You are all adults. Some of you are middle-aged; some have entered old age. You have gone from not believing in God to believing in Him, and from beginning to believe in God to accepting His word and experiencing His work. How much knowledge do you have of God’s sovereignty? What insights have you gained into human fate? Can one achieve everything one desires in life? How many things over the few decades of your existence have you been able to accomplish in the way you wished? How many things have happened that you never anticipated? How many things come as pleasant surprises? How many things do people still wait on in the expectation that they will bear fruit—unconsciously awaiting the right moment, awaiting the will of Heaven? How many things make people feel helpless and thwarted? Everyone is full of hopes about their fate, anticipating that everything in their life will go as they wish, that they will not want for food or clothing, that their fortunes will rise spectacularly. Nobody wants a life that is poor and downtrodden, full of hardships and beset by calamities. But people cannot foresee or control these things. Perhaps for some, the past is just a jumble of experiences; they never learn what the will of Heaven is, and nor do they care what it is. They live out their lives unthinkingly, like animals, day by day, not caring about the fate of humanity or why humans are alive or how they ought to live. Such people reach old age having gained no understanding of human fate, and until the moment they die they have no idea what life is about. Such people are dead; they are beings without spirit; they are beasts. Although people live within creation and derive enjoyment from the many ways in which the world satisfies their material needs, and though they see this material world constantly advancing, yet their own experience—what their hearts and their spirits feel and experience—has nothing to do with material things, and nothing material is a substitute for experience. Experience is a recognition deep in one’s heart, something that cannot be seen with the naked eye. This recognition lies in one’s understanding of, and one’s perception of, human life and human fate. And it often leads one to the apprehension that an unseen Master is arranging all things, orchestrating everything for man. In the midst of all this, one cannot but accept fate’s arrangements and orchestrations; one cannot but accept the path ahead that the Creator has laid out, the Creator’s sovereignty over one’s fate. This is an undisputed fact. No matter what insight and attitude one holds about fate, no one can change this fact.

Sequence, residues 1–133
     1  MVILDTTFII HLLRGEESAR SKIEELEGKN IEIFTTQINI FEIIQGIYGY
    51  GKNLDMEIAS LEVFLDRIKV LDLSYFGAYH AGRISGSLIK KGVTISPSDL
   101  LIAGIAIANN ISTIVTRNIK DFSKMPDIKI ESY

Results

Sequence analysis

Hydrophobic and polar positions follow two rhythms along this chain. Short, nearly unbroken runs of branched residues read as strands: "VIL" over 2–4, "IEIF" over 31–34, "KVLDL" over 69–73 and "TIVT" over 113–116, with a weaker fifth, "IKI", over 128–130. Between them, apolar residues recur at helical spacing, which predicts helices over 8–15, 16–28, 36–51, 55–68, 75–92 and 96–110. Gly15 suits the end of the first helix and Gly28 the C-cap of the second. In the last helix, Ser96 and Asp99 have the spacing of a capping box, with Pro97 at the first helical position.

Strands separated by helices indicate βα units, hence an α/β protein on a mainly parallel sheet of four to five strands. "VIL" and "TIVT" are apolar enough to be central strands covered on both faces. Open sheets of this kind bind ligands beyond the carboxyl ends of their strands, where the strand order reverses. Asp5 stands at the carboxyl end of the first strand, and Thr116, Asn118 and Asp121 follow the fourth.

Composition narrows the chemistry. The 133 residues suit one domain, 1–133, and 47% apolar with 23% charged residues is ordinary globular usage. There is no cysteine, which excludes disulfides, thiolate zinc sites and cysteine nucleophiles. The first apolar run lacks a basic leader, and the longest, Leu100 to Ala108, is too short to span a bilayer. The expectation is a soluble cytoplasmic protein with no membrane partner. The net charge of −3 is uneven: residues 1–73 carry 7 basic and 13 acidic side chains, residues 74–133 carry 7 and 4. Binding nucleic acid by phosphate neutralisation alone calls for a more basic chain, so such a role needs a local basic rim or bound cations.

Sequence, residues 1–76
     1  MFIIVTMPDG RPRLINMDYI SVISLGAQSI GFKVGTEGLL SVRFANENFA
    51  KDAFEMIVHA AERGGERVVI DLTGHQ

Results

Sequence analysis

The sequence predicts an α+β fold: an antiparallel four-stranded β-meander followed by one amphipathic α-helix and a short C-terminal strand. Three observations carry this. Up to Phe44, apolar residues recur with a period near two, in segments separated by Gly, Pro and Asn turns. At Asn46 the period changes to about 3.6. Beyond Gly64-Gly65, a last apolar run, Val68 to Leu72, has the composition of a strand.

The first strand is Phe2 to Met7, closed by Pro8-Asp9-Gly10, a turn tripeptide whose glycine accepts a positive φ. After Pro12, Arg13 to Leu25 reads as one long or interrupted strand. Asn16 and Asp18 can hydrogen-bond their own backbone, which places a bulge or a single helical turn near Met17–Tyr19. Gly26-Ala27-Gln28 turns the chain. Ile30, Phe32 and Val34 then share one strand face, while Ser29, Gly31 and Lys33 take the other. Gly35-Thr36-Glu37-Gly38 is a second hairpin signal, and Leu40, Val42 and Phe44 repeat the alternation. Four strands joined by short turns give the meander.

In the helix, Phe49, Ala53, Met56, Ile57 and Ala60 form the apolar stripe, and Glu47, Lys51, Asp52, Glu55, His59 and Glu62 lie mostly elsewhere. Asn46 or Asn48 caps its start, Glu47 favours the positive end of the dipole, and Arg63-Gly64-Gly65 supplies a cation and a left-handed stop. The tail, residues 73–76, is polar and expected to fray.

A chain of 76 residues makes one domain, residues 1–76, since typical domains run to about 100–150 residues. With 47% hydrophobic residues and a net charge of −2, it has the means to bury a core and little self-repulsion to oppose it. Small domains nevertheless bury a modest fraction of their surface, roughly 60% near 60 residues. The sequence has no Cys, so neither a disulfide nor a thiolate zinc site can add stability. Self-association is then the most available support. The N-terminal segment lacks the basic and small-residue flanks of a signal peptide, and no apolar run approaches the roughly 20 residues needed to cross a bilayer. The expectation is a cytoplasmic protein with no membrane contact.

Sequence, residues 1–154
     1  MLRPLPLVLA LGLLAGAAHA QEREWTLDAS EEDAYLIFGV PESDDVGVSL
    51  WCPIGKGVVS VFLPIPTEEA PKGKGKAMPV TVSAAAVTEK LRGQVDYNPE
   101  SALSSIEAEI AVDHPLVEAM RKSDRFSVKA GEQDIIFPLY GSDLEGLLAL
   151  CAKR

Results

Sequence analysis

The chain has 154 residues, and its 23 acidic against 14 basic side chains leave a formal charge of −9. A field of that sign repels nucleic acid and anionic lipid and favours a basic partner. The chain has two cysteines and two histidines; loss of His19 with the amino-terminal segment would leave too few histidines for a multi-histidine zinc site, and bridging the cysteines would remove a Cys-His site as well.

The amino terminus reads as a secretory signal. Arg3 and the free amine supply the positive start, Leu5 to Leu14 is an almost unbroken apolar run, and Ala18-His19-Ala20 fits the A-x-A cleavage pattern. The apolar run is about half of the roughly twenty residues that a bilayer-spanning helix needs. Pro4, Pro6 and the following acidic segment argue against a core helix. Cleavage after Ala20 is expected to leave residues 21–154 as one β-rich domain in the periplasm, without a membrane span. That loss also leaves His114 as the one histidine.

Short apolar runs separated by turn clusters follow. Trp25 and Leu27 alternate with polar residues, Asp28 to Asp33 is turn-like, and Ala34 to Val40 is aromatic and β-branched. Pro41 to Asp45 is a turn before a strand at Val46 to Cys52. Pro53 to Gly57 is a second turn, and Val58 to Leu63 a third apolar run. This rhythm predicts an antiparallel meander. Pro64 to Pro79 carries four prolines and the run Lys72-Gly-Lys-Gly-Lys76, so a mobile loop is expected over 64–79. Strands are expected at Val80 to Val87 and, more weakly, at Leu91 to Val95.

Where you will go every day, what you will do, who or what you will encounter, what you will say, what will happen to you—can any of this be predicted? People cannot foresee all these occurrences, much less control how these situations develop. In life, these unforeseeable events happen all the time; they are an everyday occurrence. These daily vicissitudes and the ways they unfold, or the patterns they follow, are constant reminders to humanity that nothing happens at random, that the process of each event’s occurrence, each event’s ineluctable nature, cannot be shifted by human will. Every occurrence conveys an admonition from the Creator to mankind, and it also sends the message that human beings cannot control their own fates. Every event is a rebuttal to humanity’s wild, futile ambition and desire to take its fate into its own hands. They are like powerful slaps about humanity’s face, one after another, forcing people to reconsider who, in the end, governs and controls their fate. And as their ambitions and desires are repeatedly thwarted and shattered, humans naturally arrive at an unconscious acceptance of what fate has in store—an acceptance of reality, of the will of Heaven and the Creator’s sovereignty. From these daily vicissitudes to the fates of entire human lives, there is nothing that does not reveal the Creator’s plans and His sovereignty; there is nothing that does not send the message that “the Creator’s authority cannot be exceeded,” that does not convey this eternal truth that “the Creator’s authority is supreme.”